Sabayon 10 Review
Sabayon 10 is the second stop on my distro hopping tour. Sabayon is based on Gentoo, a ridiculously configurable source-based distribution. The developers focus on providing a stable, fast, and versatile distribution with the best “out of the box” experience available. The software in Sabayon is described as “bleeding edge”, and according to the official wiki, it seems that most of the software comes directly from Gentoo’s testing branch. The last time I used Sabayon, it was version 4, and I was trying to use it on my netbook. I used it for a few days, then a problem with Xorg forced me to switch to something else. Now I’m ready to try again, and I expect things to go a lot smoother this time.
Some key features in version 10 include GNOME 3.4.2, KDE 4.9.1, Xfce 4.10, LibreOffice 3.6, and version 3.5.4 of the Linux kernel with BFQ" enabled. Version 10 also ships with the Mesa 9 stack, Infinality Freetype patches, and Rigo, a new graphical frontend to Entropy that replaces Sulfur. For this review, I will be using my Dell Latitude D520 and the Xfce ISO file. After writing the ISO file to a spare flash drive with
dd, I rebooted the D520 and the boot menu loaded successfully. The menu had several options, including entries for starting the Live system in graphical mode or text mode, booting directly to graphical or text installation, and even booting from the first hard disk. Unfortunately, my camera wouldn’t cooperate, so I don’t have any pictures of the menu to post.
The desktop features a nice blue and grey theme with two panels and only 5 icons. In addition to the usual Home and Trash icons, there’s an icon for launching the installer and two more pointing to the Chat and Donate sections of their website. The top panel and the window borders were partially transparent, an indication that desktop compositing was enabled. By desktop compositing, I mean Xfce’s own built-in compositor. The window, GTK, and icon themes were well integrated, and the simple background was unobtrusive and easy to look at. Overall, I found the desktop to be elegant and easy to navigate with no surprises.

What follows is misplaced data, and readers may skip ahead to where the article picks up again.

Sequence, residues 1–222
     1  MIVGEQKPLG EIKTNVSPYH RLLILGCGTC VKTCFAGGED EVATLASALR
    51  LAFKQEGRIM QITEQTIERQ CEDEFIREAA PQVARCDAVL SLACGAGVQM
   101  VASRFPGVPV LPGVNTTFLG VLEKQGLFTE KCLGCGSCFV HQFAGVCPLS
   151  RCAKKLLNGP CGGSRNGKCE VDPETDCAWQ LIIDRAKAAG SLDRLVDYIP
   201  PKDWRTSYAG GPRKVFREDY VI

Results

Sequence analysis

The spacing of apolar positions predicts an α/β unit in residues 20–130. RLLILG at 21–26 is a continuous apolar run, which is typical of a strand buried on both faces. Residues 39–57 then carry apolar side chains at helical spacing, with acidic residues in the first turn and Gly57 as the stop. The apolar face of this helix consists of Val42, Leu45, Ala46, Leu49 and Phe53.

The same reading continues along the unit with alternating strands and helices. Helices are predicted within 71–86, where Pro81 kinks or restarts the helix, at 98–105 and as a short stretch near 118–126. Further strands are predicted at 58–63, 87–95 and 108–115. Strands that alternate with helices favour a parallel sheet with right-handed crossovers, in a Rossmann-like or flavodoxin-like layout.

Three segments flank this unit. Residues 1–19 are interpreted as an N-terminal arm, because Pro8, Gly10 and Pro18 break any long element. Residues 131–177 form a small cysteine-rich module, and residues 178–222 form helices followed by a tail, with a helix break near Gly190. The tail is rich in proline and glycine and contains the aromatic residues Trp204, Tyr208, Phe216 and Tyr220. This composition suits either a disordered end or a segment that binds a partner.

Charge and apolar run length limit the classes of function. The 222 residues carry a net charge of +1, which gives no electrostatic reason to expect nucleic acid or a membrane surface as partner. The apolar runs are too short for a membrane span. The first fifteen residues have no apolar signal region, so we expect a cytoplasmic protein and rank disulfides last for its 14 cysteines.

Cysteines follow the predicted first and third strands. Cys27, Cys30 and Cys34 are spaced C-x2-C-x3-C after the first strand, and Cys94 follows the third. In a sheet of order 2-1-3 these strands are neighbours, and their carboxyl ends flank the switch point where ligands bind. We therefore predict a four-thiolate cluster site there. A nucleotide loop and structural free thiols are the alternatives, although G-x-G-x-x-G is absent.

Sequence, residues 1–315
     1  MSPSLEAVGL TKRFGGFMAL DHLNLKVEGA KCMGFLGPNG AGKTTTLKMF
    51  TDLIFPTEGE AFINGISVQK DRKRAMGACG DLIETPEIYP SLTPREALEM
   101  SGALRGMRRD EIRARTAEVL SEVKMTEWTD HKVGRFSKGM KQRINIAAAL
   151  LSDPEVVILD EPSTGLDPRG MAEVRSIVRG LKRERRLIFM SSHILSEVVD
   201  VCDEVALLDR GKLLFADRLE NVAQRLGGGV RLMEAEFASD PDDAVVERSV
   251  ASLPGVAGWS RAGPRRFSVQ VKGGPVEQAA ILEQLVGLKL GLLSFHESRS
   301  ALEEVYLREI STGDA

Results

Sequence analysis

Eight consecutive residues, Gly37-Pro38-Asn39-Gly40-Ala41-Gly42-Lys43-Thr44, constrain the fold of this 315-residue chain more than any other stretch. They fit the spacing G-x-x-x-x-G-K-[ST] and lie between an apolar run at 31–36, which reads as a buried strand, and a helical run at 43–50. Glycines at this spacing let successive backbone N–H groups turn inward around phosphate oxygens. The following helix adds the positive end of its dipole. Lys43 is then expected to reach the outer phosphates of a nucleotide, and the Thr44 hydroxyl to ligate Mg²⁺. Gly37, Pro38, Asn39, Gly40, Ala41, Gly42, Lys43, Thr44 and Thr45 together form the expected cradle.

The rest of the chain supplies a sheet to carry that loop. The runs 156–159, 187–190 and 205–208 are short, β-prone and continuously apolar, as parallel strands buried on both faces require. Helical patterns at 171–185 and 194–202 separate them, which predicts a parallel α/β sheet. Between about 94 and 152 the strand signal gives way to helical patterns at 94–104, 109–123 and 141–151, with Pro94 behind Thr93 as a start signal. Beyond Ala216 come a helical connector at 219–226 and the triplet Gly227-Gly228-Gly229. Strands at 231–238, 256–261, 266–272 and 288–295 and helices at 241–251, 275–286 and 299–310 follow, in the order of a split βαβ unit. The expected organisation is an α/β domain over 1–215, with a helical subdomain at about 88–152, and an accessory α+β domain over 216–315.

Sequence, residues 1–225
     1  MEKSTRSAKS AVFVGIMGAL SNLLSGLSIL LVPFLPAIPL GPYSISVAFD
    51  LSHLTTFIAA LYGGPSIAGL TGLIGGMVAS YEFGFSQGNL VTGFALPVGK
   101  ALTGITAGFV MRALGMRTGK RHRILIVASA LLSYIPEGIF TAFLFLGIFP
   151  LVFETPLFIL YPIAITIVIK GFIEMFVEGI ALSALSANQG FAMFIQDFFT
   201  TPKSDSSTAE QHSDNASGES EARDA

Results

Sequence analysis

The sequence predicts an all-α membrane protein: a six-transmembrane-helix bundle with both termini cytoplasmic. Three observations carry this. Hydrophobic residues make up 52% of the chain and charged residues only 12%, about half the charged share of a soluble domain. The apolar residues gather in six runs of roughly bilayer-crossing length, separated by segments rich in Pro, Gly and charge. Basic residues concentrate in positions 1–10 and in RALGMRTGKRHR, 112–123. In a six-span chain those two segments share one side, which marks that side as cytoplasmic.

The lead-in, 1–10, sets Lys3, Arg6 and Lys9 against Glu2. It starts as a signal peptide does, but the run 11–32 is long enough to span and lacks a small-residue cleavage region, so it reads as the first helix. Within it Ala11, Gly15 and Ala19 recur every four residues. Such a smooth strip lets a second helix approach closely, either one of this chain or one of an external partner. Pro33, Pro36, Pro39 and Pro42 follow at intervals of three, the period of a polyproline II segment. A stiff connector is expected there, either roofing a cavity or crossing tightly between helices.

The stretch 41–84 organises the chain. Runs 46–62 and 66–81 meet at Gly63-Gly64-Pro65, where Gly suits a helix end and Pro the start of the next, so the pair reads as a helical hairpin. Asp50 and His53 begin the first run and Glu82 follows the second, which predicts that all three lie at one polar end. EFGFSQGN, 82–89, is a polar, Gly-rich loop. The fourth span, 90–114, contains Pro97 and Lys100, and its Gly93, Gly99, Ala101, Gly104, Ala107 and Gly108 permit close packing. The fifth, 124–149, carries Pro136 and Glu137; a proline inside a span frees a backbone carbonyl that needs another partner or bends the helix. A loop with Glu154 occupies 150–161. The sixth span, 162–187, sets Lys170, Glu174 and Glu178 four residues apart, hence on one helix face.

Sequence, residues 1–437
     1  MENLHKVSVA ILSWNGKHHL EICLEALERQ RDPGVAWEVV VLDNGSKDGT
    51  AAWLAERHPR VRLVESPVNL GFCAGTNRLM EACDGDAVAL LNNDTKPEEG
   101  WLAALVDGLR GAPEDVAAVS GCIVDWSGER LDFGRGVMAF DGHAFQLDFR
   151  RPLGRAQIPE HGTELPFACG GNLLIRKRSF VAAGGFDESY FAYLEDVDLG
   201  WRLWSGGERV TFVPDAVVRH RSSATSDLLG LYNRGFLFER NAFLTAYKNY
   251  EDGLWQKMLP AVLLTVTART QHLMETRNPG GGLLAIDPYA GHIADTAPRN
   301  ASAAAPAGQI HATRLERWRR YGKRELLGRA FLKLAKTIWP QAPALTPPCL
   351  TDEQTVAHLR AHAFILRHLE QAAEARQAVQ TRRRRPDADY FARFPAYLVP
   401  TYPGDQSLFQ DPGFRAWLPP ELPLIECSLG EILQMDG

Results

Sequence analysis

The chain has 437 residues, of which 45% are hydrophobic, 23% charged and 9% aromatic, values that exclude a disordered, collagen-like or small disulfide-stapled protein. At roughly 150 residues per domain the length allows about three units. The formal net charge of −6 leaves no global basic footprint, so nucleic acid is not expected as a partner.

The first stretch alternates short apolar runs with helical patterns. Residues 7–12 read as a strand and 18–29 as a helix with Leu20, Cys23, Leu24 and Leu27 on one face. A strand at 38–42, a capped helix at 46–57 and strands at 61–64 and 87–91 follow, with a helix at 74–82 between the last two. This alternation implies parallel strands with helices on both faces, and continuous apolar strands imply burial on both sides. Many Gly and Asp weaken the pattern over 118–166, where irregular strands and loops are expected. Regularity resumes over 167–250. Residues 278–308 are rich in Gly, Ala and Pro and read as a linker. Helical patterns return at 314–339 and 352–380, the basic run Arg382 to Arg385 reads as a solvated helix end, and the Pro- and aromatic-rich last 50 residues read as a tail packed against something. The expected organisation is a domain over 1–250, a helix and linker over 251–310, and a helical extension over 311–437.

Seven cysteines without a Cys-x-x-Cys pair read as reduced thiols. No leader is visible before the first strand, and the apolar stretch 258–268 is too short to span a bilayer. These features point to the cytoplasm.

Besides Clipman, nm-applet, and Xfce Power Manager, the desktop was devoid of running applications. In the main applications menu, I found up-to-date versions of Midori, Pidgin, Gnote, Transmission, XChat, Gnome PPP, Shotwell, The GIMP, Exaile, and Totem, along with the usual Xfce configuration tools and a few system utilities. In addition to the applications, I found that Adobe Flash and several codecs were already pre-installed. I didn’t get a chance to test DVD playback, but I wouldn’t be surprised if that worked too. Like many other Live distributions, Sabayon is geared towards getting the user up and running quickly with day-to-day tasks, even if they don’t have a hard drive.
At first, my wireless card didn’t seem to work, but running
sudo modprobe b43 in a terminal solved that problem and I was able to connect to my router. Aside from that, the wireless, suspend, battery status, and screen brightness buttons all worked, and the touchpad was fully supported. 3D acceleration and sound were also supported, and I could even suspend to RAM (enter sleep mode) from the Live environment. Satisfied, I backed up everything on the D520 and got ready for the installation process.
For this installation, I chose to install Sabayon alongside LMDE. That way I could switch back to LMDE if Sabayon ever became unstable and vice versa. Sabayon uses a customized version of the Anaconda" title="" installer from Fedora, so there really isn’t much to write about here. I put together a screenshot gallery for the curious.